California lawmakers eye back-up power for cellphone towers
When the nation's largest electric utility preemptively shut off power last fall to prevent wildfires in California, customers lost more than just their lights—some lost their phones, too.
Data from the Federal Communications Commission shows 874 cellphone towers were offline during an Oct. 27 power shutoff that affected millions of people. That included more than half of the cell towers in Marin County alone.
On Wednesday, some Democratic lawmakers revealed legislation to force telecommunication companies to have at least 72 hours of back-up power for all cellphone towers in high-risk fire areas. Telecom companies would have to pay for it, but the bill would not stop companies from passing along those costs to their customers.
The outages affected more than just cellphones. Data shows traditional landlines and cable phone customers also lost service during the blackout. That means some people couldn't call 911 or receive emergency notifications, compounding the dangers associated with an unprecedented power outage in an era dominated by the internet and wireless communications.
"This bill is not about checking your Facebook status," bill author Sen. Mike McGuire said. "It's about life and death."
The federal government tried to mandate backup power for cellphone towers in the aftermath of Hurricane Katrina in 2005. The industry successfully fought it.
"It is unfair and unreasonable for the Legislature and the (state regulators) to allow the electric utilities to de-energize their networks and expect that the communications network is going to become a wholesale replacement for power," said Carolyn McIntyre, president of the California Cable and Telecommunications Association.
Asked if he expects a fight from the industry, McGuire replied: "Hell yes."
McGuire announced his bill on the same day representatives from AT&T and Verizon testified before state lawmakers about the outages and ways to prevent them. It's the second time lawmakers have hauled in private companies to account for the effects surrounding the widespread blackouts in the fall, the largest planned power outages in state history.
In November, lawmakers questioned executives from the state's largest investor-owned utilities, including the leadership of troubled Pacific Gas & Electric, whose equipment has been blamed for sparking the 2018 that killed 85 people in Paradise and destroyed roughly 19,000 buildings. The company filed for bankruptcy last year.
Telecommunications outages have worsened as wildfires have become more common and more destructive. A report from the California Public Utilities Commission found 85,000 wireless customers and 160,000 wired customers lost service during the 2017 North Bay Fires.
Most recently, the FCC says up to 27% of Sonoma County's wireless cell sites were offline during a fire in October.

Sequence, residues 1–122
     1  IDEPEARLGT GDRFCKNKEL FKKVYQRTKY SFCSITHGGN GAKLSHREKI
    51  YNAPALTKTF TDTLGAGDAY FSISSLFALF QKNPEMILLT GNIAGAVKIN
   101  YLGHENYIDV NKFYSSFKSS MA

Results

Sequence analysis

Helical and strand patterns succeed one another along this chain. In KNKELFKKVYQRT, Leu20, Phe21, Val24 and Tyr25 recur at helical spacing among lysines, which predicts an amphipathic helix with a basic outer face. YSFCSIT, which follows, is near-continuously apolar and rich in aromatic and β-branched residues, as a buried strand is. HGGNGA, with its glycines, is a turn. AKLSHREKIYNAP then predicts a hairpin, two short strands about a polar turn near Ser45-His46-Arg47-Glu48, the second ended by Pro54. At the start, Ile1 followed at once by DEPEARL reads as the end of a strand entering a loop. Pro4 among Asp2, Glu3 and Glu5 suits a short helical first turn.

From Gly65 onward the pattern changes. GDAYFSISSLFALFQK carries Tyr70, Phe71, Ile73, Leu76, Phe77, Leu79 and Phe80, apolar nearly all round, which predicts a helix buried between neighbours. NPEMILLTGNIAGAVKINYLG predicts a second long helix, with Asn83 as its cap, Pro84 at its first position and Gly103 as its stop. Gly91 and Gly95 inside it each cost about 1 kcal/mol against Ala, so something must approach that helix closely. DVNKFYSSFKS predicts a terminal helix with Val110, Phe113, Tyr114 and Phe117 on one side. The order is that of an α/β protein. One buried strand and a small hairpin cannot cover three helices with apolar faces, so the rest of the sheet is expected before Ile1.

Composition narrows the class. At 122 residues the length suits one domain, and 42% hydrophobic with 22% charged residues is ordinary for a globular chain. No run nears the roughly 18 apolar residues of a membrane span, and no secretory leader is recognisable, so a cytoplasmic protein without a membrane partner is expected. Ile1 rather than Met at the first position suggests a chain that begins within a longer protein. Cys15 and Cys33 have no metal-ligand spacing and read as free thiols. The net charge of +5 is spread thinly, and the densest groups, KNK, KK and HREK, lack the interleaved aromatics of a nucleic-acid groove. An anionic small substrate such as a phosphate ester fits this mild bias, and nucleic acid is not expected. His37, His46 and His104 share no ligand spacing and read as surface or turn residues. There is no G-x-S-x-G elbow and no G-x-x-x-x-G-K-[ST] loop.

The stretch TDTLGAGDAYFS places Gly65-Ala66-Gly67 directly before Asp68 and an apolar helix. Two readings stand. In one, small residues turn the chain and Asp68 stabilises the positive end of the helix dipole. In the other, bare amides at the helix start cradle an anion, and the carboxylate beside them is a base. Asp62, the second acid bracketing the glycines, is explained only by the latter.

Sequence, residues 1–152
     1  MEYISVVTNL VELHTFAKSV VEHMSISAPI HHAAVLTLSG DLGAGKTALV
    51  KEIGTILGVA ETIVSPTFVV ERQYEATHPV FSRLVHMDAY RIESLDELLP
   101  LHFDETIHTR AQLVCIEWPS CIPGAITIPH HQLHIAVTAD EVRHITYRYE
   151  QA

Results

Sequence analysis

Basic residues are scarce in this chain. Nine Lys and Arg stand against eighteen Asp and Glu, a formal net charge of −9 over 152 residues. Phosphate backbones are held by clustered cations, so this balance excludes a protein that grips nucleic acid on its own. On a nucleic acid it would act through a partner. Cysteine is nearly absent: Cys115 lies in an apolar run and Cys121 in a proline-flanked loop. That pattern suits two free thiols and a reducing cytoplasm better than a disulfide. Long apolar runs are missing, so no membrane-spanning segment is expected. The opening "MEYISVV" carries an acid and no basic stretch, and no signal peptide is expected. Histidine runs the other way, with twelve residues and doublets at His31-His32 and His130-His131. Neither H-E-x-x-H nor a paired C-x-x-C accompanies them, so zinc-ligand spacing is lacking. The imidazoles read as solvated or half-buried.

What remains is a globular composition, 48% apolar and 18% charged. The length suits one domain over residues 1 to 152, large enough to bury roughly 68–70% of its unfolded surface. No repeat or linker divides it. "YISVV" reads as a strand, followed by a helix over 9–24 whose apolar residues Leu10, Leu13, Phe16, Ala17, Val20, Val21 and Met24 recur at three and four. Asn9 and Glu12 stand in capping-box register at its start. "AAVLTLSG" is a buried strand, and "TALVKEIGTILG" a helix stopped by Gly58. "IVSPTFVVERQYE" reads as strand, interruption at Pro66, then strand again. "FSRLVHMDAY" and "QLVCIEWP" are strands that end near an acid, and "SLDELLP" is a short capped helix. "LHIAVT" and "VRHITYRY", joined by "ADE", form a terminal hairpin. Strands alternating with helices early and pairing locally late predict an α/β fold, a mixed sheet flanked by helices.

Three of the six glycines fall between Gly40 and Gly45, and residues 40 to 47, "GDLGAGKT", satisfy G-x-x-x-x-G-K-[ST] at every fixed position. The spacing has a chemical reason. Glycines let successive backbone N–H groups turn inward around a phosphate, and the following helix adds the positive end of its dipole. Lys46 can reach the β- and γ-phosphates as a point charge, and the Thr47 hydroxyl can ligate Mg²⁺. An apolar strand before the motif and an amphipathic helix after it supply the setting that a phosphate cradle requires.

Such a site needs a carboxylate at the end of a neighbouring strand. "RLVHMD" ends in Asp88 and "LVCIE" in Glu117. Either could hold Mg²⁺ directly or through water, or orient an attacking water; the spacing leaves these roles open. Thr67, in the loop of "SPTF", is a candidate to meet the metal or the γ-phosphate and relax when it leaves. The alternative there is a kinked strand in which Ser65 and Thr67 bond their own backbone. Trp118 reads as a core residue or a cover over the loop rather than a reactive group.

On Wednesday, AT&T and Verizon told lawmakers that while several areas had disproportionate outages, across the region only 3% of cell towers were offline during the power shutoffs. And just because cell towers were down does not mean service was out because of overlapping coverage areas and temporary towers, said Jesús Román, chief legislative counsel for Verizon.
Also, telecommunications companies had trouble getting enough generators in place for the power shutoffs last fall. Many had to come from out of state, but the trucks delivering them were stopped at the state border because they did not meet the state's emission standards, said Mark Ghilarducci, director of the Office of Emergency Services.
In advance comments to the legislative committee, California's four largest wireless companies—AT&T, Sprint, T-Mobile and Verizon—say they generally make sure their major telecommunication hubs have at least between 48 hours and 72 hours of on-site backup power. They use mobile generators at other sites, but they said the generators don't work at every cell tower.
Jeff Luong, AT&T's vice president for radio access network construction, told lawmakers the company is buying hundreds of portable generators to prepare for the upcoming fire season. Plus, he said the company plans to purchase more than 1,000 new generators, although it will take between three and five years to get them in place because of various permitting processes.
"We are committed to providing communication services that the public and public safety agencies can rely on," Luong said.
California Public Utilities Commission President Marybel Batjer criticized the telecommunications companies for not providing enough information to state officials about outages during the power shutoffs.
"Engagement and delivery of real time information during this critical period was simply not existent," she said. "The companies themselves must improve."
Last year, the Legislature passed a law requiring telecommunications companies to report large outages to the Office of Emergency Services within one hour of discovering them. Officials are still developing regulations for that law.
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